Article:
Washington County mayor's 'dreams' start with education, workforce development

Zach Vance • Apr 10, 2018 at 9:35 AM

When Washington County Mayor Dan Eldridge gazes into his hypothetical crystal ball, he foresees Washington County’s economic prosperity linked to the success of Northeast Tennessee as a whole.

Always the realist, when Eldridge fantasizes about Washington County’s future, he doesn’t envision luring new industries into the county’s borders, enhancing the county’s population or jumpstarting its taxbase.

Those things will come, Eldridge believes, if the county first establishes an educated and career-ready workforce. 

“We’re going to have to have a very regional focus over the next five to 10 years on education and workforce development in order to make this region more attractive for new investment and job creation,” Eldridge said.

It’s basically a chain reaction, the way Eldridge explains it, but it all hinges on education.

“We can’t improve the opportunity and desirability of this region without quality jobs. And we can’t attract quality jobs without a quality workforce. Education is the key to a quality workforce” Eldridge said.

“We’ve got to work backwards from what we want to accomplish, and at the end of the day, we want to improve the opportunity and desirability of this region.” 

Eldridge said the seeds of tomorrow have already been planted through an initiative called ACT Work Ready Communities, led by Lottie Ryans with the First Tennessee Development District.  

Ryans is trying to get all eight counties in Northeast Tennessee certified as ACT Work Ready Communities, a credential job seekers can use to prove their skills and companies can leverage to know they’re hiring qualified employees. 

Counties are certified “work ready” when they meet established goals based on their population size, get a certain percentage of individuals to earn the ACT National Career Readiness Certificate and get a certain number of employers to recognize the certification.

Job seekers can earn their National Career Readiness Certificate by taking the ACT WorkKeys assessment, which measures a range of essential work skills, like applied mathematics and reading for information.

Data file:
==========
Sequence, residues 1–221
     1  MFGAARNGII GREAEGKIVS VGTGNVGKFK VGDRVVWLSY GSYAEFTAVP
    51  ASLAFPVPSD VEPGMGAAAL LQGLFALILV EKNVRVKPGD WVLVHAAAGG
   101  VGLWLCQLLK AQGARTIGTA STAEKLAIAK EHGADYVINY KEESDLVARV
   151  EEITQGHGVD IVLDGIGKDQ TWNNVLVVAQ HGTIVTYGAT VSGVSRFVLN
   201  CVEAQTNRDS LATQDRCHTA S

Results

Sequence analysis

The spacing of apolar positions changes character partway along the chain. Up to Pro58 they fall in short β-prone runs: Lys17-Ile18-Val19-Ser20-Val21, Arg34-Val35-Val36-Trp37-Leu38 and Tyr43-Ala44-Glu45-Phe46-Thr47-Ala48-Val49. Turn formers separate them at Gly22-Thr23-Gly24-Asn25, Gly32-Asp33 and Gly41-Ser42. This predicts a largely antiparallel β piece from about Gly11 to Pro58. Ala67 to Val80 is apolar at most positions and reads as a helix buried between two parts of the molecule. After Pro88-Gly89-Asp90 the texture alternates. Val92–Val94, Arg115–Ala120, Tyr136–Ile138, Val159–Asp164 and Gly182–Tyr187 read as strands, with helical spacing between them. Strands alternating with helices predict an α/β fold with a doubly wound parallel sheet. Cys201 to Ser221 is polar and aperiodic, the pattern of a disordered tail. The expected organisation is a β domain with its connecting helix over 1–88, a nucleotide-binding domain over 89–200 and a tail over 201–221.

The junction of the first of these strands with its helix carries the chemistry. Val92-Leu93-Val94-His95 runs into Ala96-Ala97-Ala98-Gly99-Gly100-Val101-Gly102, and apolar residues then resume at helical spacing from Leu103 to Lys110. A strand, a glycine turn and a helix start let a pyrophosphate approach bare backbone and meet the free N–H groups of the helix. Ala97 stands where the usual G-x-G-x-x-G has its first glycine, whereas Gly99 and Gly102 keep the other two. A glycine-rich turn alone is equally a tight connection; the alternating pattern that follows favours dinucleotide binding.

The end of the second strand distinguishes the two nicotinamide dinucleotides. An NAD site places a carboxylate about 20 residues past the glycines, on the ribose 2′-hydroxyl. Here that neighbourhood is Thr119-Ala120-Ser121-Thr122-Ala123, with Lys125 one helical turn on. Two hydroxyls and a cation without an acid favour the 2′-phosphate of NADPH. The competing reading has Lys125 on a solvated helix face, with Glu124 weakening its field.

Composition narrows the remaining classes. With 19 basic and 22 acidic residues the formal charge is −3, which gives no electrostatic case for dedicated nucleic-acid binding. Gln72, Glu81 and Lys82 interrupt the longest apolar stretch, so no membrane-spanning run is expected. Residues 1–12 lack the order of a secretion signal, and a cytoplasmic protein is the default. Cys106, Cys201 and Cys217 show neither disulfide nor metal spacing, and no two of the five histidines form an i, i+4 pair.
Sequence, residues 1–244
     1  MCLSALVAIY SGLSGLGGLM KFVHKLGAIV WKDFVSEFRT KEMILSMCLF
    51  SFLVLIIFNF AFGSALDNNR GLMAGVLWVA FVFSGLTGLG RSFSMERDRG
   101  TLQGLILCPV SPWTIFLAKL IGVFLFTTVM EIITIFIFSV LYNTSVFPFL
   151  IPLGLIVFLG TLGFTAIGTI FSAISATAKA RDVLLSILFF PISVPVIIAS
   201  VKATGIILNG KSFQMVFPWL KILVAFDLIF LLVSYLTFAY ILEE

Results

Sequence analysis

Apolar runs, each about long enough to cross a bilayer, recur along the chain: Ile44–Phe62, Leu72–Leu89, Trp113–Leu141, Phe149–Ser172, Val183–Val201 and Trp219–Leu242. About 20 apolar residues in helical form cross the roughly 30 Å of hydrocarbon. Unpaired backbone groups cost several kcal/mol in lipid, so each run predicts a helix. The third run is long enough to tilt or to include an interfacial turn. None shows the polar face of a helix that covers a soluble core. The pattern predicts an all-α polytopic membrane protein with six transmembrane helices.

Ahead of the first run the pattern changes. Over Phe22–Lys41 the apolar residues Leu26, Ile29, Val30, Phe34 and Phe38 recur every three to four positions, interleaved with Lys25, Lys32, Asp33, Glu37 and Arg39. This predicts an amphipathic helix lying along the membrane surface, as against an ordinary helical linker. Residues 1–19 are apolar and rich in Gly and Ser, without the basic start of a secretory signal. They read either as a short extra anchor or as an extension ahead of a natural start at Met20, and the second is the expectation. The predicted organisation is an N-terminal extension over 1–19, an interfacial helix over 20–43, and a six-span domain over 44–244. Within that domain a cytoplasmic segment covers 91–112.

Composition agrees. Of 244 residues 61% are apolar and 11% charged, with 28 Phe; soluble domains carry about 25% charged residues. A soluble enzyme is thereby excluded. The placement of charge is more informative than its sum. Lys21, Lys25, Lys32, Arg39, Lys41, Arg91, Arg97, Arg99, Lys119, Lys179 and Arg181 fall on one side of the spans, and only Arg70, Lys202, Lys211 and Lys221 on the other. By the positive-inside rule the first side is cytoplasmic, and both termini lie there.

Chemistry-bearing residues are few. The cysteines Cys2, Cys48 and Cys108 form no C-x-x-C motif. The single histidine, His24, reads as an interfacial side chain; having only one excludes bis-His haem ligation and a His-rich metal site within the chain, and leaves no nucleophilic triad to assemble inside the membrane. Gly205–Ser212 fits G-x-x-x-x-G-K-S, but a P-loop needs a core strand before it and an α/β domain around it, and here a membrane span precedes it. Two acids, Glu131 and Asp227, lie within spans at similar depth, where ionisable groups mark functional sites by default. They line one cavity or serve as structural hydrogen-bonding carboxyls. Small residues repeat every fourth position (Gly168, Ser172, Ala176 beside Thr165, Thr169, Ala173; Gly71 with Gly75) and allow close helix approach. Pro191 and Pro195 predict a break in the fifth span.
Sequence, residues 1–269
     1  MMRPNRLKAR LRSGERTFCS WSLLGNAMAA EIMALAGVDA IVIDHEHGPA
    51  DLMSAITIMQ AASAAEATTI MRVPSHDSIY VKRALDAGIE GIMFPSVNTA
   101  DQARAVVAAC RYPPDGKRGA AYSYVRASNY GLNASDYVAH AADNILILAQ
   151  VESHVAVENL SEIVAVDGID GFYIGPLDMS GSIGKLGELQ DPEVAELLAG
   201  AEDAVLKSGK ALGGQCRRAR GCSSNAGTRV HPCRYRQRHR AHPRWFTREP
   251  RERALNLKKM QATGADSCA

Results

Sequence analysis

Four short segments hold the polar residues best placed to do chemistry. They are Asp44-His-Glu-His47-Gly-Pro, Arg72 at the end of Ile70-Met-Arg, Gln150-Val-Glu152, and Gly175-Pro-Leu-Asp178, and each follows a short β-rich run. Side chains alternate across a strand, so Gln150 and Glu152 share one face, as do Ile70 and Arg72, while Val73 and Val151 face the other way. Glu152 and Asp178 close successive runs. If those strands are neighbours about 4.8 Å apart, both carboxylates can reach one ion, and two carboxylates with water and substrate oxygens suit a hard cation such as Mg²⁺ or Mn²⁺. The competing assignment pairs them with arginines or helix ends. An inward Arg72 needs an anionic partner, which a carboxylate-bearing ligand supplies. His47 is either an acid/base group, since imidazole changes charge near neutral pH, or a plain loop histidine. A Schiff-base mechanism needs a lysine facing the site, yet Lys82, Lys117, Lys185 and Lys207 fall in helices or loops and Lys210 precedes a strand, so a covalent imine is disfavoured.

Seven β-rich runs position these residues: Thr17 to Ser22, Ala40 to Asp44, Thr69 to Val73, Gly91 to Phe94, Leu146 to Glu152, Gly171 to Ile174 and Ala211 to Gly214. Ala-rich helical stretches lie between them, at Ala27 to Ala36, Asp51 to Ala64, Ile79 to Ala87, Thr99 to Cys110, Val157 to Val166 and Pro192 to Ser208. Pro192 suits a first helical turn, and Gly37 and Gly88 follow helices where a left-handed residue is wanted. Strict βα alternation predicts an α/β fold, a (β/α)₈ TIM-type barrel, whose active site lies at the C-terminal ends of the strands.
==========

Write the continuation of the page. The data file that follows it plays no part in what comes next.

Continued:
Currently, Washington County has reached 50 percent of its “Work Ready” status, with 524 county residents earning their certification and 32 county employers already signed on to recognize or recommend the certification. 

Ryans has said some studies show a person with an associate degree and the National Career Readiness Certificate can make up to $3,000 more than someone with just an associate degree. 

The WorkKeys tests do costs $36 each to take, but Washington County officials have already budgeted funding so that all 2018 county high school graduates have an opportunity to take the test. 

With the next three years, Eldridge said he hopes the county is fully certified as an ACT Work Ready Community, with the majority of the county job seekers holding the work-ready credential and the majority of local employers recognizing it. 

“What I would hope to see is in the next five to 10 years, I would like to see some serious incremental progress on this, with the result being the creation of some quality jobs through investment. And really it doesn’t matter if that’s outside investment or our existing employers,” Eldridge said.

In addition to being work-ready, another item on Eldridge’s wishlist is seeing more aligned partnerships between school systems and post-secondary schools so students can obtain more duel credits while still in high school. 

“What would be really good is if we could align our curriculums to where that duel credit they earn in high school is accepted at any of the three institutions: a TCAT (Tennessee College of Applied Technology), a community college or the university,” Eldridge said. “They’re already doing that in Chattanooga so it’s not like we would be reinventing the wheel.”






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